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Generational Convenience

While visiting my father, I came to a new appreciation of all those small conveniences that we take for granted in our daily lives.

In my own home I can chop vegetables in a flash by “veg-o-matic” for the eco-conscious or food processor for those who don’t mind using a few watts in the course of making a meal.

I can go to my own kitchen sink and get boiling water at the touch of a button rather than use the electic range and a teakettle. “In-sinker-ators” are wonderful inventions.

I don’t have to cringe at the very sound of the words deer, elk, turkey, bass. World War II is a historical reference, rather than battles being fought at life-like volume in my living room. I can use the remote control at home to remove the unwanted sound and images.

In my own house I’m not constantly told to make sure the toilet has stopped running before leaving the bathroom. I can use the bathroom sink without going on an expedition to find it first.

I don’t have to go on a search and relocate mission, either, each time I move through my house only to find the return trip as much of a challenge. I can even eat a meal at a table if I chose to. Oh, and I can make a cup of coffee without standing at the range to use a flat surface.

You see, my father, like many men in their latter years, has a problem letting go of things. It comes from being of that depression-era generation. The convenience of living space is traded for the security and comfort of having one’s personal possessions and correspondence close to hand, as well as a desire to have one’s entire financial and business history available immediately, if needed.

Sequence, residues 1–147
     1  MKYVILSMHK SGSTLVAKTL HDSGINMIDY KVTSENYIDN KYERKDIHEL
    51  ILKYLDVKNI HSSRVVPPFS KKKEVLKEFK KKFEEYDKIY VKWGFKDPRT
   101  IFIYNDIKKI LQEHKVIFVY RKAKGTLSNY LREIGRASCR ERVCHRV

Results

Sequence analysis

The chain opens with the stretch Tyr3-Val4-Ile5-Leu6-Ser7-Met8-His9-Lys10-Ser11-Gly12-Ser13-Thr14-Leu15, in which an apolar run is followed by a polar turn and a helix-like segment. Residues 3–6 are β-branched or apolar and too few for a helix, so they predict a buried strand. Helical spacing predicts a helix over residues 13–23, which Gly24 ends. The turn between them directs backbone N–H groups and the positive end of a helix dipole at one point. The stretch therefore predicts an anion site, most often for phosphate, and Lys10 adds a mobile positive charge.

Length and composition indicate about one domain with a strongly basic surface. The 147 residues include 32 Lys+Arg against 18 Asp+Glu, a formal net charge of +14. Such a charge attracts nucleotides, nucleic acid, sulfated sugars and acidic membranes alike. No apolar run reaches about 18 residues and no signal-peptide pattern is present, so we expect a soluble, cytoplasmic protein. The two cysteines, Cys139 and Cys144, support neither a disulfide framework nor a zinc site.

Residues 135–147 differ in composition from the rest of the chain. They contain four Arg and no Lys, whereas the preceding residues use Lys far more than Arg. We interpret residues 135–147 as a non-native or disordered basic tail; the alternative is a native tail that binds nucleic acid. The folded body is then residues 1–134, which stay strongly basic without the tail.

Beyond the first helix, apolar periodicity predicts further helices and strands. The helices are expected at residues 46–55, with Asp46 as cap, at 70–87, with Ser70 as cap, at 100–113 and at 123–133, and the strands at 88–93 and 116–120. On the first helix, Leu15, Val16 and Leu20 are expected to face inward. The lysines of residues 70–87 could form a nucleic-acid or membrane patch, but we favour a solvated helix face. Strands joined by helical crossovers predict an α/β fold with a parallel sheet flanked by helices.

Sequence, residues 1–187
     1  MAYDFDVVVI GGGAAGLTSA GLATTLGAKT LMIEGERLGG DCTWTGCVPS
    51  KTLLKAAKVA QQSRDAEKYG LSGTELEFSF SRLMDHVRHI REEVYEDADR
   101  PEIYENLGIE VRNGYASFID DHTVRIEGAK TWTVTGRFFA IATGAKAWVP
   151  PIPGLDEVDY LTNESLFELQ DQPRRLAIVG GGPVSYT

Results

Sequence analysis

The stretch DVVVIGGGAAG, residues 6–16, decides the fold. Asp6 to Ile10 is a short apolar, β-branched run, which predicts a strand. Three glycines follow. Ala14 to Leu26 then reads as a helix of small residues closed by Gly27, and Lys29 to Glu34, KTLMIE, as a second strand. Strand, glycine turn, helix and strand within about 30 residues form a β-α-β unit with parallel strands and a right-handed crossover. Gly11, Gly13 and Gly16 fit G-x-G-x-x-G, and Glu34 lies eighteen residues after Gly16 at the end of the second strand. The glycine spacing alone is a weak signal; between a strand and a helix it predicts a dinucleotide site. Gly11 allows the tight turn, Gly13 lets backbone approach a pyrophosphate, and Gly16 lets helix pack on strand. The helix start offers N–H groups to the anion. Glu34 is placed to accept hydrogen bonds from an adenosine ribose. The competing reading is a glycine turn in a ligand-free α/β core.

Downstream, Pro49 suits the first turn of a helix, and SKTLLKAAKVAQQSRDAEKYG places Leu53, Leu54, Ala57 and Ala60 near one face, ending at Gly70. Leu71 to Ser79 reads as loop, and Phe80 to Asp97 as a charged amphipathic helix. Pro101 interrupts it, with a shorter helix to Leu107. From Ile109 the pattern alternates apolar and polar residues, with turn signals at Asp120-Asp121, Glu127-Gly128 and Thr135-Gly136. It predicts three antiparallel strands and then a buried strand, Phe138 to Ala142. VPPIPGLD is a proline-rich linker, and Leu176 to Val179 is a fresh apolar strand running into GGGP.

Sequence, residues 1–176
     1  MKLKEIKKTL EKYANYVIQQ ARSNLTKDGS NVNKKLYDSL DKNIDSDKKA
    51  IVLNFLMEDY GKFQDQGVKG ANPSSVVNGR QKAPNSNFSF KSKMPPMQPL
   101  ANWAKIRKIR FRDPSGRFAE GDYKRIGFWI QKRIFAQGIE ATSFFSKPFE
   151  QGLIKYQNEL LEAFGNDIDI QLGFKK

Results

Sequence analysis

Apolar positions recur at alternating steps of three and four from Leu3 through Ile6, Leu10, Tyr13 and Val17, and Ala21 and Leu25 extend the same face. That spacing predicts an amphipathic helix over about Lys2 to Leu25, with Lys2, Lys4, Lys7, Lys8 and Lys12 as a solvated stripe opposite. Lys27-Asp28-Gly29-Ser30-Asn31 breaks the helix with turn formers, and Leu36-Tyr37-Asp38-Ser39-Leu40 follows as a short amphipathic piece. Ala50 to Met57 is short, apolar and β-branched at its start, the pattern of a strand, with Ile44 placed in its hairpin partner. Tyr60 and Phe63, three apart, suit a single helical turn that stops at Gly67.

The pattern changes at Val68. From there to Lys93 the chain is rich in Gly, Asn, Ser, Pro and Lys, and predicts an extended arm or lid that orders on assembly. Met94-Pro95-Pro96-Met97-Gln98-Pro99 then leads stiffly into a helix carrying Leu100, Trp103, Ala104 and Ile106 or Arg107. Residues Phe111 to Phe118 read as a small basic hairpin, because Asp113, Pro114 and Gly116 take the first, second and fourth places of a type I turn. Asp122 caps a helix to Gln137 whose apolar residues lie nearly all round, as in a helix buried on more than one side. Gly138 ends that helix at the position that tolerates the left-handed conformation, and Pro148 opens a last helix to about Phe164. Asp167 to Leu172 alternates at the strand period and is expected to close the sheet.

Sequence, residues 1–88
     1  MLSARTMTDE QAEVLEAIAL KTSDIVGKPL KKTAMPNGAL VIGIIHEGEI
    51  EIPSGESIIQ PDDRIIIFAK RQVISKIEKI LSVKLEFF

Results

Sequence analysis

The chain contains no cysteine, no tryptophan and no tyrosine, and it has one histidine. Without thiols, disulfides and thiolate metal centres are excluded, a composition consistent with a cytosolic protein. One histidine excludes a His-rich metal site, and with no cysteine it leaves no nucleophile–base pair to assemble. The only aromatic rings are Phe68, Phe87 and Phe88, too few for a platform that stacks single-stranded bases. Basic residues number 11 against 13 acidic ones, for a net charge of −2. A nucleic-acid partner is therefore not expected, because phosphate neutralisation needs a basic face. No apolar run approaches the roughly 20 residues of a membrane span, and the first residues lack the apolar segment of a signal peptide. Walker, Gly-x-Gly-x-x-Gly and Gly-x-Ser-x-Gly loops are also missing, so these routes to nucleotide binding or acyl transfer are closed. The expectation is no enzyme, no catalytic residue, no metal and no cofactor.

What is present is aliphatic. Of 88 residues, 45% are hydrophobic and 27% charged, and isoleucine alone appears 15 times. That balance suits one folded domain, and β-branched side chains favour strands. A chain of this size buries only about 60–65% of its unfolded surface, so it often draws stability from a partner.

Please don’t mistake this monologue for a condemnation. On the contrary, I’m amazed at the memory acumen displayed during a request for data retrieval. I know many of the mundane  reasons for my father’s behavior and some of the psychological ones I can guess without difficulty.

What this episode has done for me was not a lessening of love/respect for my father, but a renewal of my own sense of what’s necessary in my life in order to feel whole, viable, productive, and useful. I can do without gadgets that claim convenience, if I want. I can keep accurate and brief personal and financial records that fill only one small file cabinet. I need few real possessions to live a decent life. If worse comes to worst, I can even do without a computer, though I don’t want to. Been there too often during the last six months.

I have always known my father to be very bright and knowledgeable about too many subjects to count. I mean, the man used to do integral calculus in his head. That kind of knowledge, too, is a convenience I don’t wish to lose, though that event will inevitably occur. I can get a detailed first-hand account of many activities for use in my writing, especially with a historical emphasis from Dad. What more could I want as a writer than to have my very own talking, personal experiential encyclopedia? That is a resource that will be sorely missed when the time comes.

The convenience of learning from parents, grandparents, aunts and uncles, or even older neighbors far outweighs any inconvenience of having to move a pile of newspapers in order to sit down and relax. We, who live by words, ideas, images and dreams, need reminders occasionally as to where important information resides for a critical understanding of characters, plots and backstory.

If we spent more time mining our families and their cogent memories, the flavor and texture of our writing would mature more quickly, making a much tastier meal for the reader. At least, that’s my hope for my own journey in the business.

And my father? He’s much better, thank you, though he still has trouble getting around easily. Hopefully, sufficient time will bring increased  mobility to his days and additional solace to his heart.

I encourage everyone to try tapping into this most valuable of resources before it’s too late. You might just discover areas of interest that you didn’t know existed before or tales of intrigue and adventure that far surpass anything in the movies. Our families have histories with stories attached that tell of things that can never be again. Here’s hoping you get to dive into an exciting new history of your own.

Claudsy

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